Project Redneck: Talking Gears & Lockers With Motive Gear & Eaton

Jeep differentials – love ’em or hate ’em, you can’t get rid of ’em. Sooner or later, every diff finds its breaking point, and the stock Dana 35 rearend and Dana 30 front end on Project Redneck were not suited to hardcore rockcrawling.

After taking care of Redneck’s other areas – including lift, windshield, beadlocks, bumpers, and more – we felt ready to tackle the drivetrain. This was actually a really good time, since we had added a great deal of weight to the Jeep, and needed the right setup to keep it all movin’ and groovin’.

This was how we got to talking with Eaton and Motive Gear; Eaton, for its E-Locker and Detroit Locker, and Motive Gear, for its 5.38:1 ring and pinions. These crucial components would be hidden inside the new Dana 44 axle housings going onto Redneck, but they were definitely worth examining first.

Background Of The Parts

Left to right: The Eaton E-Locker, Eaton Detroit Locker, and Motive Gear 5.38:1 ring and pinions.

At the core of these parts is the desire for traction. On top of that, it must be transmitted in the most efficient manner to the front, back, left, and right.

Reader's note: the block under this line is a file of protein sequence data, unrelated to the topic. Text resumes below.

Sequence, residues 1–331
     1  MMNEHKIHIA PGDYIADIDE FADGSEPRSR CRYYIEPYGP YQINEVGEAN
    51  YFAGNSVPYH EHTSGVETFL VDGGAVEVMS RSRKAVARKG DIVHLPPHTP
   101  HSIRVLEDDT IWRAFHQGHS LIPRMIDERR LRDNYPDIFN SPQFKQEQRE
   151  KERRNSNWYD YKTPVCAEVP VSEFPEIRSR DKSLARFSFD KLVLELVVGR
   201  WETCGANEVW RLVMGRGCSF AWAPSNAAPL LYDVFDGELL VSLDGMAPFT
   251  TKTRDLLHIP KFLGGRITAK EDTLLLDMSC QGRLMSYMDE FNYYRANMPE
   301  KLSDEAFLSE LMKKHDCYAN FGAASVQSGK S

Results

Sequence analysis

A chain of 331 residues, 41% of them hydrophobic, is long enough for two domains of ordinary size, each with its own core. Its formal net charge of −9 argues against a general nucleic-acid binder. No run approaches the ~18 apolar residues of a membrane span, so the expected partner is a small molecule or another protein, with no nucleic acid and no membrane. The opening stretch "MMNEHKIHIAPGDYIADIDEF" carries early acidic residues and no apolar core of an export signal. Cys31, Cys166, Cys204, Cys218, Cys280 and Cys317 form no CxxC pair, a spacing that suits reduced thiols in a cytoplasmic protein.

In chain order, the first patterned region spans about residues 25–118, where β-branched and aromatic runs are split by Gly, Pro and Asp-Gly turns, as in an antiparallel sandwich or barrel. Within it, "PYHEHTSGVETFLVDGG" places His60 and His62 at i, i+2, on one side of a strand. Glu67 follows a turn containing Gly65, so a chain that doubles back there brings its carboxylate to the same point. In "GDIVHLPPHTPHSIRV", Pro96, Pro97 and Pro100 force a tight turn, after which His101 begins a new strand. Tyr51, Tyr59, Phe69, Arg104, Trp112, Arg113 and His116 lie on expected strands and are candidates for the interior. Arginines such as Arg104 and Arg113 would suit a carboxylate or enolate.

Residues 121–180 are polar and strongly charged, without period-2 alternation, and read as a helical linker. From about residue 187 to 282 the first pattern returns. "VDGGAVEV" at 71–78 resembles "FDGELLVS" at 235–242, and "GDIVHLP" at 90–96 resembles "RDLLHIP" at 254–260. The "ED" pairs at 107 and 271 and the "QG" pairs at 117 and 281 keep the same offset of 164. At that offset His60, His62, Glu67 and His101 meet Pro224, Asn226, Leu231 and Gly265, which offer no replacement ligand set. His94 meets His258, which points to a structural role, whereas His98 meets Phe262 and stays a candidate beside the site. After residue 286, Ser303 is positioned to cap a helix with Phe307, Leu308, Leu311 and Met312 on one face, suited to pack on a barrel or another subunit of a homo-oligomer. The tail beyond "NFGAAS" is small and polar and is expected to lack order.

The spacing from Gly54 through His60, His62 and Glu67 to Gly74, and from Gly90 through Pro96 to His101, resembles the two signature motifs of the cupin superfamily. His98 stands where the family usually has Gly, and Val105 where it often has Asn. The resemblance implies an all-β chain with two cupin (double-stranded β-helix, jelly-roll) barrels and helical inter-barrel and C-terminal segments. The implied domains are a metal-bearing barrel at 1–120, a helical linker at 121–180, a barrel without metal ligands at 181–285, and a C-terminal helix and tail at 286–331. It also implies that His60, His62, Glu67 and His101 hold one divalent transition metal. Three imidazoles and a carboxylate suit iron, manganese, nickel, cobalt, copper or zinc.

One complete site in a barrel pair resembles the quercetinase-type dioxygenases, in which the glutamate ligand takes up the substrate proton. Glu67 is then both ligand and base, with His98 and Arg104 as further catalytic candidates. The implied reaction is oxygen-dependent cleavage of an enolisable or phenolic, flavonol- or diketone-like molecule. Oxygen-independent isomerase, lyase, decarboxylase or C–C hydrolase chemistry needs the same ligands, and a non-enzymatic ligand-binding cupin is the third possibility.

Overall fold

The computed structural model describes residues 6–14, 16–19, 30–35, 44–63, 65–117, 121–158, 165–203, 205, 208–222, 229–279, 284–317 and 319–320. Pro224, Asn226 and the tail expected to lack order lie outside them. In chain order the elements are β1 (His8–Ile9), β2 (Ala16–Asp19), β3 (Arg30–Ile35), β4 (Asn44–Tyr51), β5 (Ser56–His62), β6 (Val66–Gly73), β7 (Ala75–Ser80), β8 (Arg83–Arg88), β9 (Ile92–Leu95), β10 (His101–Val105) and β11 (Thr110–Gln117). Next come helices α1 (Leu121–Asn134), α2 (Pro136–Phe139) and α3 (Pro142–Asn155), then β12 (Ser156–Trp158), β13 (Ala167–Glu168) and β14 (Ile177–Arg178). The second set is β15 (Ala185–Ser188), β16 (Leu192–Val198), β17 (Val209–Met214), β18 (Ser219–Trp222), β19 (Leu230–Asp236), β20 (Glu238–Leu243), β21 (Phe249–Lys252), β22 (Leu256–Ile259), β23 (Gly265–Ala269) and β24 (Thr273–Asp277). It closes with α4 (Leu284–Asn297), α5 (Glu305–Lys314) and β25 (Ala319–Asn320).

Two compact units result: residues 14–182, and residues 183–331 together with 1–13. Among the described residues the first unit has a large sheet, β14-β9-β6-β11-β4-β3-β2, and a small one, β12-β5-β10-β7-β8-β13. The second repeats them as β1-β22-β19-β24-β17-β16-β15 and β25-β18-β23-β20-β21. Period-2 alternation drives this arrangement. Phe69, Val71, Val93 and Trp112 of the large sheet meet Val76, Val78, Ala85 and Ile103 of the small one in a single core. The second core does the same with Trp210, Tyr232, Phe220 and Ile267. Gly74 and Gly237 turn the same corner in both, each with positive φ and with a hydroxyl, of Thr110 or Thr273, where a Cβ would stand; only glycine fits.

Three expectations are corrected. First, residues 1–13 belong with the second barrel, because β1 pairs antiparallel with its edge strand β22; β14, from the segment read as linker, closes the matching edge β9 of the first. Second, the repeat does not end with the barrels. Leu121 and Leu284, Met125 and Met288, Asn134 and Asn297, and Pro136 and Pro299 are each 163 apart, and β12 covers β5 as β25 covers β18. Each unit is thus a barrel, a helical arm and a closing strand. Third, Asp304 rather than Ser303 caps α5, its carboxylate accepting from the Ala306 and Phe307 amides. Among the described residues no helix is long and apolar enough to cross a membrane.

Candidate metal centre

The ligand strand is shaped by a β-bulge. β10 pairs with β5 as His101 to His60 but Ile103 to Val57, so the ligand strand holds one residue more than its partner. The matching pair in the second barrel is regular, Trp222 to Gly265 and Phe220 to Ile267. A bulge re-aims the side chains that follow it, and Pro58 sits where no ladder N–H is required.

However, just like de-furring a feline, there are many ways to get to this point. We spoke with Eaton’s Barney Gwozdz to learn the ins and outs of the E-Locker and Detroit Locker. In doing so, we learned how these items worked, and what made them a good combination for Project Redneck.

The Detroit Locker shares its internals with the older Detroit NoSpin differential, which debuted in the 1940s.

“The main difference between the E-Locker and Detroit Locker is in activation,” said Gwozdz. “The E-Locker is a selectable electric locker, where you turn it on or off. It’s either fully locked, like a spool, or it’s open, like a standard differential. The Detroit Locker, on the other hand, is a mechanical locker. It’s automatically locked at all times until you go into a turn. Without heavy torque input, it allows the outside wheel to rotate independently of the inside wheel.”